The rise in Treasury yields has been the primary catalyst for the sell-off in equities, since higher yields suggest a lower present value of future dividend streams, assuming an unchanged economic outlook,” said Steven Friedman, senior economist at BNP Paribas Asset Management. “It is also possible that equity investors are growing concerned that the Federal Reserve’s projected rate path will choke off the expansion.”

Meanwhile, Italian bonds sold off again as Deputy Premier Matteo Salvini once again said the populist government will stick with its budget plan and that rating agencies "won't make us change our minds", though the country successfully sold new debt. Asked about possible downgrade by ratings agencies and concerns about spread with German bunds, Salvini said "we’ve already seen this movie in the past, it’s forced Italians to make incredible sacrifices, to have cuts on schools and reforms on health and pensions which impoverished,” adds “we will do exactly the opposite.”

It remains to be seen whether the accelerating equity plunge is a healthy correction or the tip of the iceberg,” Commerzbank analysts said in a note. “For sure it creates a more challenging environment for today’s (Italian) auctions.”

Meanwhile, bunds and gilts led advances amid the broader risk-off mood.

The shift in yields is also sucking funds out of emerging markets, putting particular pressure on the Chinese yuan as Beijing fights a protracted trade battle with the United States. China's central bank has been allowing the yuan to gradually decline, breaking the 6.9000 barrier and allowing traders to push the dollar up to 6.9431.

China’s move has forced other emerging-market currencies to weaken to stay competitive and drawn the ire of the United States, which sees it as an unfair devaluation. “The yuan has already weakened significantly, to offset the tariffs announced so far,” said Alan Ruskin, Deutsche’s global head of G10 FX strategy. “Further weakness could exacerbate concerns of a self-fulfilling flight of capital and a loss of control.”

Still, there was little sign of panic in currencies, where the euro gained and dollar weakened versus most of its major counterparts. The Swedish krona was the standout gainer, jumping after inflation data. The Turkish lira and rand rallied, but emerging currencies overall edged lower. The euro was at $1.1550 up from a low of $1.1429 early in the week. The dollar lapsed to 112.14 yen, a retreat from last week's 114.54 peak. That left the dollar at 95.263 against a basket of currencies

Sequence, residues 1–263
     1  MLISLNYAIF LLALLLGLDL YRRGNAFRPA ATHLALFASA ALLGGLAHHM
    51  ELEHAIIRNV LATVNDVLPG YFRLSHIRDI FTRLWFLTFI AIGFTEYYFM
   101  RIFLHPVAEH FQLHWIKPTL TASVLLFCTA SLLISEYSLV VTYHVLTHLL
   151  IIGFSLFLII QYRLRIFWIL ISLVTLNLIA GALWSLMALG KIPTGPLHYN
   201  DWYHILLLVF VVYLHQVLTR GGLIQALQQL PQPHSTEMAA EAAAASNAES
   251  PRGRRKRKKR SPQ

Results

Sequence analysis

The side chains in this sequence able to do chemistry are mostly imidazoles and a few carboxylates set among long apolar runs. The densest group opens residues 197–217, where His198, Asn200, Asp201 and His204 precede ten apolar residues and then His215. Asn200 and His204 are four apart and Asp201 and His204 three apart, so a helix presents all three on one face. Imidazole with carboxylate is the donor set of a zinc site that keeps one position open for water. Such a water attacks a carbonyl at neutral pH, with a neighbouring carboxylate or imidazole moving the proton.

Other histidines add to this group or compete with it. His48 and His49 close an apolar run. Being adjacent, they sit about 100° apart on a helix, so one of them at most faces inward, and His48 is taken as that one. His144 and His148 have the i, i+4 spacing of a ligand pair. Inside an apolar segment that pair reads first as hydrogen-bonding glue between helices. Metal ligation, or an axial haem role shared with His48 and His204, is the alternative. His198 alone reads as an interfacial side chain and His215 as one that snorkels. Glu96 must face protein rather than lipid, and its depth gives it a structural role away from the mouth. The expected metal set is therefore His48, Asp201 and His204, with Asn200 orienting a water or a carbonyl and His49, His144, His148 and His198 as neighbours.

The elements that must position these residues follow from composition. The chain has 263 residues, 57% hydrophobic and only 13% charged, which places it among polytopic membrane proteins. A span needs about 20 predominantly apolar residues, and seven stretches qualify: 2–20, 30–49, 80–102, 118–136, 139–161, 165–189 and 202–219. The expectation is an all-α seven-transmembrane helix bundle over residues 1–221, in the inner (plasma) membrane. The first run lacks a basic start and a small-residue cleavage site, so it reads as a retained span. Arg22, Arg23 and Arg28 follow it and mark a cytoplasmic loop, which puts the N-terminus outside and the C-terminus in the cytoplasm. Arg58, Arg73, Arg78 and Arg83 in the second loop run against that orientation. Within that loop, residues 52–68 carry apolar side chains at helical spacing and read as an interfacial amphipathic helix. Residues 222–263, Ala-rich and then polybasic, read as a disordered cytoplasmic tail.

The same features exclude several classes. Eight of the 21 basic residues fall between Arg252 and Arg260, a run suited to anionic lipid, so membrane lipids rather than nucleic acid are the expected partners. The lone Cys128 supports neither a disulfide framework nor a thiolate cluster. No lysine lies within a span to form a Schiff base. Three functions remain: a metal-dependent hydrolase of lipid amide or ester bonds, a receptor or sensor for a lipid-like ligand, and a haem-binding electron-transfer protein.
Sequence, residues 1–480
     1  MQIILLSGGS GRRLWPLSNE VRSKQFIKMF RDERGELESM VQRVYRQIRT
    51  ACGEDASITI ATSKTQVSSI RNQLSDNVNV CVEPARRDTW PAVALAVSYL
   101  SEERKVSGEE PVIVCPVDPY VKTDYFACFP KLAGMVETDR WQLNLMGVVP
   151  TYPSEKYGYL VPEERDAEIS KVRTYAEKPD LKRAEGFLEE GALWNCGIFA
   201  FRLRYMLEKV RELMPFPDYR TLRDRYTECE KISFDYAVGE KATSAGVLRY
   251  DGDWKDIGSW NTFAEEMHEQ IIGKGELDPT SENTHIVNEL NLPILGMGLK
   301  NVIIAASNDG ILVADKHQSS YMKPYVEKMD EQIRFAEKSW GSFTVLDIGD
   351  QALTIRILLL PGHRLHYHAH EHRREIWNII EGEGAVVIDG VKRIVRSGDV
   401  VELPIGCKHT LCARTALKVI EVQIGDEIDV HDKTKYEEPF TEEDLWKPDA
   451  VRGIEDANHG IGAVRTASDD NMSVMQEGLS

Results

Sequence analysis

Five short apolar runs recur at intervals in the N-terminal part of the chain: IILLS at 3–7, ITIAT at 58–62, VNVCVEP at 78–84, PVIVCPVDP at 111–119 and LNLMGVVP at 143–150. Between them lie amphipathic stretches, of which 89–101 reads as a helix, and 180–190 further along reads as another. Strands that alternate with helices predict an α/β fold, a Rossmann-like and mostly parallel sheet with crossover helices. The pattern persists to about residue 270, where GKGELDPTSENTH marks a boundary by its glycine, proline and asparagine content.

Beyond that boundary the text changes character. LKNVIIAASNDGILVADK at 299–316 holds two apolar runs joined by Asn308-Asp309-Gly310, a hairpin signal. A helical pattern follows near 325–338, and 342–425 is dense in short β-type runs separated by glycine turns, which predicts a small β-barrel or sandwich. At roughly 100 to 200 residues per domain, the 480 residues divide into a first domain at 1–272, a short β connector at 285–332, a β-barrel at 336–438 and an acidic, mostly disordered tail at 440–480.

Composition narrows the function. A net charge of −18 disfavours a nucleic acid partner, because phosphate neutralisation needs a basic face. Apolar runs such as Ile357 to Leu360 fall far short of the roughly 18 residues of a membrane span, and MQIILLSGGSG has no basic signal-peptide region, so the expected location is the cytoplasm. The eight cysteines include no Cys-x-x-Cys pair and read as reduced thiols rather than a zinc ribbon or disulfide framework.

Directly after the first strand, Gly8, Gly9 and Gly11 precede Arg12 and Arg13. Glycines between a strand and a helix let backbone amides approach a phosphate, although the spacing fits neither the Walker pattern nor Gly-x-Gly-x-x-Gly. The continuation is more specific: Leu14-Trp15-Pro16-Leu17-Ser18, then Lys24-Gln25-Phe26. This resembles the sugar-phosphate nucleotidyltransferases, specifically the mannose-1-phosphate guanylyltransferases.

Sinking global shares have raised the stakes for U.S. inflation figures due later on Thursday. High inflation would only stoke speculation of more aggressive rate hikes from the Federal Reserve.

In commodity markets, gold struggled to get any safety bid and edged down to $1,192.77. Oil prices skidded in line with U.S. equity markets, even though energy traders worried about shrinking Iranian supply from U.S. sanctions and kept an eye on Hurricane Michael, which shut down some U.S. Gulf of Mexico oil output. Brent crude fell 1.6 percent to $81.75 a barrel. U.S. crude dropped 1.5 percent to $72.07. A Bloomberg index of cryptocurrencies dropped as much as 11%.

Scheduled earnings include Walgreens and Delta Air Lines. CPI figures, jobless claims are among economic data due.

Finally, one wonders just what is it about October, when half of the biggest US market crashes have taken place.



Market Snapshot

&P 500 futures down 1% to 2,753.75
STOXX Europe 600 down 1.4% to 361.75
MXAP down 3.5% to 151.91
MXAPJ down 3.7% to 473.27
Nikkei down 3.9% to 22,590.86
Topix down 3.5% to 1,701.86
Hang Seng Index down 3.5% to 25,266.37
Shanghai Composite down 5.2% to 2,583.46
Sensex down 1.6% to 34,218.05
Australia S&P/ASX 200 down 2.7% to 5,883.76
Kospi down 4.4% to 2,129.67
German 10Y yield fell 3.9 bps to 0.513%
Euro up 0.2% to $1.1547
Brent Futures down 1.1% to $82.16/bbl
Italian 10Y yield rose 2.9 bps to 3.133%